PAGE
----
Interesting discussion on WSO about at article that we discussed on EphBlog. Ellen Song writes:

I was basically with the same group of kids between 1st and 5th grade. There were very few native-born Americans in my class. In fifth-grade, an entire third of my class was composed just of first or second-generation Korean kids. Not to mention other Asian students like the Chinese, Vietnamese, and Indian, and Latino students. Our teachers were pretty decent, though, despite the NYC shortage of teachers and relative underpay, at least in our “gifted” class, which was the level I experienced all my years at this elementary school. I was lucky to have had the ability to take an exam to test into a similar “gifted” junior high school, and escape the worse conditions of our local junior high school. In all my years of junior high, I didn’t witness a single fight or drug deal. My brother, who attended my neighborhood junior high, has seen otherwise. My “gifted” school was, fortunately, free.

And lucky me (and my brother as well), for testing into a *free* “gifted” high school as well, and so avoiding the neighborhood high school with its lower graduation rate, higher drug rate, fewer advanced programs, etc. etc. During high school, my friends were from various walks of life, which I wouldn’t have really experienced at either my neighborhood high school, or an “elite” private school on, say, the Upper East Side. One of my closest friends lives in a beautiful 4 story brownstone in a prosperous Brooklyn neighborhood and has professional parents. Another of my best friends lives in a one-bedroom apartment in inner Queens, and his closest neighborhood buddy is a notorious, young drug-dealer in the area. We all took the same AP courses, we all had the same teachers. Both are among the smartest people from my free, gifted, inner-city high school, yet neither was accepted into the various schools I’d been accepted to. They are in no ways inferior to me. My best friend from high school had a recommendation written by our principal (no small feat in an overworked public school of over 4000 students), had a GPA that was decently higher than mine, took only the most difficult courses, was given the utmost respect by faculty and fellow students, was voted “Most Likely to Succeed” in the yearbook… yet this person is attending a public college here. In no ways is he less intelligent than I, but this is what life has given him.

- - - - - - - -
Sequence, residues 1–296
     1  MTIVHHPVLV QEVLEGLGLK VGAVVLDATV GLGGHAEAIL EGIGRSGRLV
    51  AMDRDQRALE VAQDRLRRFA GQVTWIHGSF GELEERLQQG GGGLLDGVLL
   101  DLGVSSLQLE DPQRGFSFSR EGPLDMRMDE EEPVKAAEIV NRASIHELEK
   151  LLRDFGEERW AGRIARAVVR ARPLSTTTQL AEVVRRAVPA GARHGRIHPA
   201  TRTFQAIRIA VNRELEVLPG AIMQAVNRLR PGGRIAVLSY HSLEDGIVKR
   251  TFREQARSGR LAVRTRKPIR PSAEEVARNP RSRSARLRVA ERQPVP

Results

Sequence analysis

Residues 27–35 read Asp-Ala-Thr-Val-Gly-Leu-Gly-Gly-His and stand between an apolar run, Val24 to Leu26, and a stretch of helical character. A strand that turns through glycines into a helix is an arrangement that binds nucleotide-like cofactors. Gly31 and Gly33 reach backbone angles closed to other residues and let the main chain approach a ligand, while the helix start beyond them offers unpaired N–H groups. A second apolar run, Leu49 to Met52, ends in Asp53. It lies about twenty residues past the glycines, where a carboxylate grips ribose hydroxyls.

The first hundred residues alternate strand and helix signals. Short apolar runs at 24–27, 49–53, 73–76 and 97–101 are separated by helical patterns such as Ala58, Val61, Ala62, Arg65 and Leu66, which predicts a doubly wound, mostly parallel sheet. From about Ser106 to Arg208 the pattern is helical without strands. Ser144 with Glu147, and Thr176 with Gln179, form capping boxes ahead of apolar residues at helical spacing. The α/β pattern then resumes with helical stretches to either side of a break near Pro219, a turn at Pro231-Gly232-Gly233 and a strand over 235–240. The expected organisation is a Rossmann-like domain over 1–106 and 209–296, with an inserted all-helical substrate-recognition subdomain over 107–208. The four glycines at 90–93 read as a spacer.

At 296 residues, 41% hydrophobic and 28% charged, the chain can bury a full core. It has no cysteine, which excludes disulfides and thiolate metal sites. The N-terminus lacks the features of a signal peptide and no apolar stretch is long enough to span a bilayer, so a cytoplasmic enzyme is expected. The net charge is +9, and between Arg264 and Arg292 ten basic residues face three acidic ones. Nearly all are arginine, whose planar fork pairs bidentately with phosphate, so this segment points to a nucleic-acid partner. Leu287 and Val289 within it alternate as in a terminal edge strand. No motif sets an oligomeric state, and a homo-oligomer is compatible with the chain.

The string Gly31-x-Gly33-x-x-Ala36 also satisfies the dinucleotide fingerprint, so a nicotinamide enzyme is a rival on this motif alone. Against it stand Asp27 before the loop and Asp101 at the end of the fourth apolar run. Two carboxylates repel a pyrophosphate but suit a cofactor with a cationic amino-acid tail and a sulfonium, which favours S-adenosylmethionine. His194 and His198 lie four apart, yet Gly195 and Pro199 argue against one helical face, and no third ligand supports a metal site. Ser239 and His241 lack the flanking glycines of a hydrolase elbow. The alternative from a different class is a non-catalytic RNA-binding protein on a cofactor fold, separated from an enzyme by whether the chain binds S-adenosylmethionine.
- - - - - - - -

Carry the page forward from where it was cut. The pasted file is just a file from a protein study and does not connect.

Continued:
I say I’m lucky, because who’s to say that things couldn’t have gone the other way for me? Maybe I would’ve never gone to my particular junior high (had my 5th grade teacher not been attentive), which would set me up for my high school, which is where I became the person who was accepted by Williams and similar places.

Being back home has reminded me of what I have at Williams. My [largely immigrant, lower socioeconomic] neighbors have never heard of Williams. When I tell them I’m an English major, they look at me perplexed, as if to say “Why?” because it’s not very practical for people who grow up here… not something like, say, business management or information technology. When I go to the supermarket, the Bangladeshi cashier who has watched me grow for the past 10 years looks at me proudly; her brother-in-law, who runs the bodega across the street, tells me that there are so few other kids like me in this neighborhood, and that he’s glad to see me doing things with my life. As I ride the overhead subway, I see all the graffiti (many of the artists are likely my brothers’ friends) I’d taken for granted over the years, and I realize that I’m probably one of the only people in my subway car to receive a college education. Or speak English fluently, for that matter.

Amid all this, I’m reminded of the elitism at Williams, and how different my life probably is from most of my classmates’. Not in a bad way, certainly, because I feel like I have a perspective that not everyone has (not to say that anyone else’s viewpoint is less valuable, of course) and it can really, truly, help me appreciate what I am receiving at a prestigious institution. I’m not ashamed of my background – even at dinner at my professors’ house, where many of my classmates were speaking of the corporate or professional jobs their parents had, and I couldn’t say the same about my family- because it’s just not something I could or would change at this point in my life.

I wonder how many people think as I do. I wonder how many people sit in Paresky or inside Schow, actively and consciously thinking, “It is a true privilege to be here, with these people.” But it doesn’t matter how many other people are thinking this way, I guess. Not really, because it won’t change the fact that I’m thinking it.

Good stuff. In my experience, the ability to recognize how lucky you are is not correlated with wealth. Williams is a privilege for all of us.

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